Last week I shared advice in my CSO â€œCareer Catalystâ€ column [Teach, don’t just learn, to build your security career] from the movie We Were Soldiers and how that advice advances a security career.
Can advice from a movie actually benefit a security career?
Short answer: yes, yes it can. In fact, I applied this advice to my own career long before the movie was ever made.
Building on what I shared in the column, here are two examples of how this advice worked for me, with some insights on how it could work for you, too.
Applying it the first time: Bartending for the win
The first time I really applied this advice was while working as a server at a Ground Round restaurant while home from college on summer break. My role was to provide an exceptional dining experience â€” the better I did, the better my tips (on average).
As a hungry college student, I picked up as many shifts as I could. Somehow, it dawned on me that the more I knew about the restaurant, the better service I could provide, the more money I could make.
I set out to learn as much as I could.
I volunteered to learn how to host (greet and seat), prep cook, line cook and wash dishes. In turn, I taught others how to take orders, present food and the like. The more I contributed to the restaurant, the more opportunity I got.
And I was right: the more I knew about how to seat people (and set the experience), prepare the food, wash the dishes and handle the entire experience, the more I communicated effectively with everyone around me.
The best part came on what felt like a daring offer: I walked into the general managers office with what I considered a great deal: I would work shifts â€œoff the clockâ€ in return for being taught and certified as a bartender. Â In the end, he accepted and my training â€“ which also including training on ordering for the restaurant â€“ began.
For the rest of the summer, I worked pretty much around the clock – waiting tables, pitching in wherever needed and got certified as a bartender before heading back to school.
When I returned to school in August, I happened to meet the owners of Johnnyâ€™s – a local bar (and one-time staple in Ithaca; itâ€™s not there anymore). I explained that I had just been certified in bar tending â€” including setup, ordering, pricing, etc – and asked if they needed a hand. After explaining why they didnâ€™t need help, they asked for my telephone number, â€œjust in case.â€
I got a call a week later – they needed help. It turned out they bought the bar without a shred of bar tending experience. My efforts to learn all aspects of the restaurant and bar business turned into a job as the head bartender, with the opportunity to teach what I knew as we worked together to setup, open and run a successful bar.
How this helps you: learning the job of others in security careers is important; but sometimes, itâ€™s the other jobs in the organization that hold the most promise. Learning how others do their jobs â€” and perhaps getting an opportunity to teach them yours â€” is a powerful way to build bridges, improve communication and set the stage for a successful career in security.
Source code version control launched my career in information security
After graduating college (and one more brief stint in the restaurants), I landed a job working for Andersen Consulting (now Accenture) on a large software development project. My initial role was manual source code version control: developers would email me requests for code and submit code changes to me. Prior to automated tools, this was a bit of an â€œinterestingâ€ position.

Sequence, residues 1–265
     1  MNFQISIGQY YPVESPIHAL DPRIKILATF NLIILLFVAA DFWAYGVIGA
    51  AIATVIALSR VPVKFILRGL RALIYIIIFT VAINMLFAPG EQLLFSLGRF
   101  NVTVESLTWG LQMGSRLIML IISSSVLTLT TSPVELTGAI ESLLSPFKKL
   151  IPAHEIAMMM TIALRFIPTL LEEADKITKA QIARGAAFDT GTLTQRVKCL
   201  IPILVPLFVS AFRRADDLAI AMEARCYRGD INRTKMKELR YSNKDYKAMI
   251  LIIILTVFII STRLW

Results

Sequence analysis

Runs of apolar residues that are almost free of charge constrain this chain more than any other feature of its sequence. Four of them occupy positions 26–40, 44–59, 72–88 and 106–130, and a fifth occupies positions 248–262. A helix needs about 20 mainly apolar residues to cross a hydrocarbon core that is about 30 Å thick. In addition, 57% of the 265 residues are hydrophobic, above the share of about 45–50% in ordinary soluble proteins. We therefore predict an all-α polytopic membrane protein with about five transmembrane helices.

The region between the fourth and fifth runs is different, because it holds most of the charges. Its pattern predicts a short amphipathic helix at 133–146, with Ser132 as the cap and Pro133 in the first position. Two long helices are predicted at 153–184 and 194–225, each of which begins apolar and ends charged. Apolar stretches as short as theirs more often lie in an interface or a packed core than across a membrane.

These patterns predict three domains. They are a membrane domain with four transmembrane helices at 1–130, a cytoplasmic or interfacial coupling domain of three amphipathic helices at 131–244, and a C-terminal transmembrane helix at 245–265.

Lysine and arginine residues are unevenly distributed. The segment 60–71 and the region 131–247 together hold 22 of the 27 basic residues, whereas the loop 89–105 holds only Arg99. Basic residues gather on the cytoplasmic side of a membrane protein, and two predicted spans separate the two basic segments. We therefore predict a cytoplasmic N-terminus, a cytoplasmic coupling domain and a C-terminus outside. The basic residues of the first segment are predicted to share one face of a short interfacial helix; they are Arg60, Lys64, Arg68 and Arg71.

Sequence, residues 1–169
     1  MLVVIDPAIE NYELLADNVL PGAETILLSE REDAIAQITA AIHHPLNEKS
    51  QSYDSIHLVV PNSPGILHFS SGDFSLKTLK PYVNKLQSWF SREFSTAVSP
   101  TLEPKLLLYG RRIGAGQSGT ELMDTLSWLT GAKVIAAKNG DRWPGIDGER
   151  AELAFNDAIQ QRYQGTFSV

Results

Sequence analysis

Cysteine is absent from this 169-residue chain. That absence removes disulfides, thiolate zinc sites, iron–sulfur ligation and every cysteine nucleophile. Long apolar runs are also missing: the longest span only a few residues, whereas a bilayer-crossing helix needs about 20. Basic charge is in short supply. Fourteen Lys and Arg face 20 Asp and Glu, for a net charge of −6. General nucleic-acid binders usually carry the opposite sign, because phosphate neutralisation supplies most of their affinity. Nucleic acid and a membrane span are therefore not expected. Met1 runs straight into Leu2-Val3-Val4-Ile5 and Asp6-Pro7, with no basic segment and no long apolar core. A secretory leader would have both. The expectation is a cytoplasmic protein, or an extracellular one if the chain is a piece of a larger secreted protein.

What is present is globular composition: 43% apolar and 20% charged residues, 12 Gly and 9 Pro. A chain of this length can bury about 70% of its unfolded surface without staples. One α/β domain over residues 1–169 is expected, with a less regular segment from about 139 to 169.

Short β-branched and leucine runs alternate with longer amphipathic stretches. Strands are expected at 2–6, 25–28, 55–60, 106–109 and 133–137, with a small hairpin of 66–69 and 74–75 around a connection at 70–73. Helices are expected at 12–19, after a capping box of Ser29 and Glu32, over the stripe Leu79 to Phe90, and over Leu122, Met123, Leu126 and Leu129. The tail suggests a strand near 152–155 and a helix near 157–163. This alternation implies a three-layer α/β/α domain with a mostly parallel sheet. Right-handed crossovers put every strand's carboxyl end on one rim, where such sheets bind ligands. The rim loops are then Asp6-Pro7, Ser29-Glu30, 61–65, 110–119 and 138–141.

After documenting the process – initially so I had a personal checklist to work from – I started to make improvements in speed and quality. I improved the documentation and started to teach the process to others. While I didnâ€™t necessarily enjoy the role, turns out someone I taught LOVED it. At the same time, I lived locally, and offered to come in early, stay late and work weekends to cover others and help out. I was always learning new roles â€” to the point where I could backup any member of the team.
It didnâ€™t take long before one of the people I trained was in charge of source code version control and I was moved on to bigger and better things. In fact, one of the roles I got moved to was the direct start of my career in information security (a story for another day).
How this helps you: despite an irrational fear of losing your job because you taught it to someone else, one of the best ways to advance your security career is to actively document your current role. Once documented, teach the position to others. Iâ€™ve found no better way to backfill your efforts and free up time to focus on other elements, learn from others and create a path to a new role.
More than advice, this is a mantra
My focus is clear: security awareness that works and effectively communicating the value of security. In my role, I work with organizations of all sizes and audiences of all types and experiences from around the world. As a result, I continually seek out people to learn from, and even offer to â€œinternâ€ with other professionals to learn their jobs. In the process, I gain the insight of their experience, learn the language of their position and come away a more effective communicator.
This advice makes me a better catalyst, allowing me to better serve others. The more I learn, the more I am able to share what Iâ€™ve learned with those I come acrossâ€¦ and through keynotes, seminars and consulting.
So while it made for a poignant scene in a movie about war, the observation of Lt. Col Moore is a powerful mantra for building a successful security career. Today is a great day to get started.
It works for me, and it works for you, too.
Let me know how youâ€™re putting this advice to work or if something is holding you back. Iâ€™m here to help.